To Be Called By Christ

Happy feast day! Today, we celebrate one of the gospel writers, St. Matthew! Formerly a tax collector, Jesus called him out of his luxurious life and into greatness.

Here is the gospel which describes how this calling took place:


Matthew 9

9As Jesus passed on from there, he saw a man named Matthew sitting at the customs post. He said to him, “Follow me.” And he got up and followed him. 10While he was at table in his house, many tax collectors and sinners came and sat with Jesus and his disciples. 11The Pharisees saw this and said to his disciples, “Why does your teacher eat with tax collectors and sinners?” 12He heard this and said, “Those who are well do not need a physician, but the sick do. 13Go and learn the meaning of the words, ‘I desire mercy, not sacrifice.’ I did not come to call the righteous but sinners.”

One of the most brilliant pieces of art that depicts this event is by Caravaggio. Jesus is in uncharacteristic darkness (though he has a halo over his head) and points to a group of people seated at a table full of tax collectors, who are in the light that Jesus almost seems to be directing toward them.

These tax collectors and their servants are decked out in anachronistic attire. To the Renaissance viewer, which was when this piece was made, this was the sort of clothing they were used to seeing royalty or the very rich wear, with its fitted clothes and fine fabric. The clothing that Jesus and his disciple, on the other hand, was what a peasant might wear. Yet, Jesus, with His outstretched arm, seems to be the one in power.

Two tax collectors ignore Jesus entirely, too absorbed at looking at some silver coins on the table to care about him. Other younger folks look warily at this man. And St. Matthew, his face shocked, points a finger at his chest as if to ask, “Me?”

The Calling of St. Matthew, by Caravaggio, c. 1599-1600. Contarelli Chapel, Church of San Luigi dei Francesi, Rome, Italy. Via
The Calling of St. Matthew, by Caravaggio, c. 1599-1600. Contarelli Chapel, Church of San Luigi dei Francesi, Rome, Italy.

It’s a gorgeous piece that speaks to the reality of being called by Christ. Because, often when God calls us, even when we might say that we’re waiting for that call, we’re not listening. Sometimes we can be too absorbed in worldly things to notice Jesus, waiting for us in the darkness. Other times, we might be uncomfortable with what He asks us to do and choose to ignore Jesus. And, even if we are listening and paying attention and ready to do what God calls us to do, no matter what, we often point to ourselves and squeak out, “Me?”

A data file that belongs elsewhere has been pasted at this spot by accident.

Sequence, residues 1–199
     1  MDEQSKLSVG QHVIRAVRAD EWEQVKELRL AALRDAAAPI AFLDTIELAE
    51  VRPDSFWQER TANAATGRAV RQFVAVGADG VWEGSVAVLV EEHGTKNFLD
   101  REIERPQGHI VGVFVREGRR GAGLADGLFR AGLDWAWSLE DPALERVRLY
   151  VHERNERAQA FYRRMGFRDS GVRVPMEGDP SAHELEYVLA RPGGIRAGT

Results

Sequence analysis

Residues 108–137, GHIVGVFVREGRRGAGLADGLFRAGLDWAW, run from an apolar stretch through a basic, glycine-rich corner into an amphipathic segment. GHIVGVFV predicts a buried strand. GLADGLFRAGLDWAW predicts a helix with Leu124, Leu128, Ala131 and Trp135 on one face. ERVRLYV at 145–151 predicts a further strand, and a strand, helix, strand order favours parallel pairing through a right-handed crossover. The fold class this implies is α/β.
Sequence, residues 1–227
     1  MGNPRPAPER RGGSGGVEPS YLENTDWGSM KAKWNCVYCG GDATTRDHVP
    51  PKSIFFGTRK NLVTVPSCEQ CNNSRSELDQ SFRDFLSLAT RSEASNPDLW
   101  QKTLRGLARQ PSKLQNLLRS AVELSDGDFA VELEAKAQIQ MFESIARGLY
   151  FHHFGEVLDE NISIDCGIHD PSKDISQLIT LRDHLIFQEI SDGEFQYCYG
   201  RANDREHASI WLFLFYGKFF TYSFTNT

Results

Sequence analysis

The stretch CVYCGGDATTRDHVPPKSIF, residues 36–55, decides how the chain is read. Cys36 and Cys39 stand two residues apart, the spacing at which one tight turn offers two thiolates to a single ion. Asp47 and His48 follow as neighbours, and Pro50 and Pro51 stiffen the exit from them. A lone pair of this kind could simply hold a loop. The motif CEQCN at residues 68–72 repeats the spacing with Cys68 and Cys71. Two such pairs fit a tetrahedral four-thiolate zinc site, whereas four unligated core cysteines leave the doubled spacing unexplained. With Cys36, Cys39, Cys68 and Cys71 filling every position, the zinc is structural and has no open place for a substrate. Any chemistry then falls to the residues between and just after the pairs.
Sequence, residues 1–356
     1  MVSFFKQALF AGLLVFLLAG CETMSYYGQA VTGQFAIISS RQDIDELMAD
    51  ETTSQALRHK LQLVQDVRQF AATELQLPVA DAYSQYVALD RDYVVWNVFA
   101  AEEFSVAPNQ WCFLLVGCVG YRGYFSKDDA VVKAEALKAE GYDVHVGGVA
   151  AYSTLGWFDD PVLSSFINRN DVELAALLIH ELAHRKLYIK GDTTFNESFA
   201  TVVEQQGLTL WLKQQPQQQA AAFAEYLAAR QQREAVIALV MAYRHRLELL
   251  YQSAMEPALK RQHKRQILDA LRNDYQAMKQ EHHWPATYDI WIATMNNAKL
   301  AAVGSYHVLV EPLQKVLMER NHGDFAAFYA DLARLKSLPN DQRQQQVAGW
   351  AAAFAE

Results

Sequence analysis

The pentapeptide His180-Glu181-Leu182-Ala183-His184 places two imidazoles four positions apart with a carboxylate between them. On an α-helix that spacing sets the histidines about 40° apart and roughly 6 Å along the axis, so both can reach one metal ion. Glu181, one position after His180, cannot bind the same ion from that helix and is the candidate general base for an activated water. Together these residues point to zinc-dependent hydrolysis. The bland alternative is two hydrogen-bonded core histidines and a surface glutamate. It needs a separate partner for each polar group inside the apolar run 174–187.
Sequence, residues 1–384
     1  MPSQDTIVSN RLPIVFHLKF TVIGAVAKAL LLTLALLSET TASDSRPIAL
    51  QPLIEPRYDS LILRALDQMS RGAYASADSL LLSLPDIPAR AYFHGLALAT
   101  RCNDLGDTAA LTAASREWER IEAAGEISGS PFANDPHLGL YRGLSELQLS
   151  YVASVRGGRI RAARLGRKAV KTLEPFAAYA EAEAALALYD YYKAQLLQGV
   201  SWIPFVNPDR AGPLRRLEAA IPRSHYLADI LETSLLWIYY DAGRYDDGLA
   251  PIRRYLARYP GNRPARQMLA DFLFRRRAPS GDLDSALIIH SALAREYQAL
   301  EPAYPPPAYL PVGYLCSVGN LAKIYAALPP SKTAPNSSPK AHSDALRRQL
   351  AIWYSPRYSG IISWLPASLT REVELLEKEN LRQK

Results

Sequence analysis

After all, following Jesus is not easy. Following Jesus means to take up your cross and follow Him. And that’s not an easy thing to do — not by a long shot.

And yet, following Christ is a way for us to be called out of our ordinary lives and into greatness. For what can be greater than God?

And what greater pursuit is there in our lives than to pursue greatness? For even under the most luxurious circumstances, we can suffer greatly. We know this — we are living in the richest time in the entire history of humanity, and yet so many people today are suffering. Yet, with all the suffering that can go on and does go on in our lives, we can still be great by answering that call from Christ.

And so, let’s follow St. Matthew’s lead. When Christ calls, let us answer.

Dear Jesus,

Thank You for calling us out of our own self-centered lives and allowing us to help You live out Your gospel. Keep calling us, even when we’re afraid to listen to You. Help us follow You into the greatness of Heaven.


Karina Tabone

Karina Tabone is a wife, mother of four, author, blogger, and lover of Christian artwork. She's the author of the Illustrated Rosary series, which pairs every prayer of the Rosary with beautiful religious artwork. She likes also milkshakes, sunshine, and mystery novels. Follow her on Twitter at @illustr_prayer.

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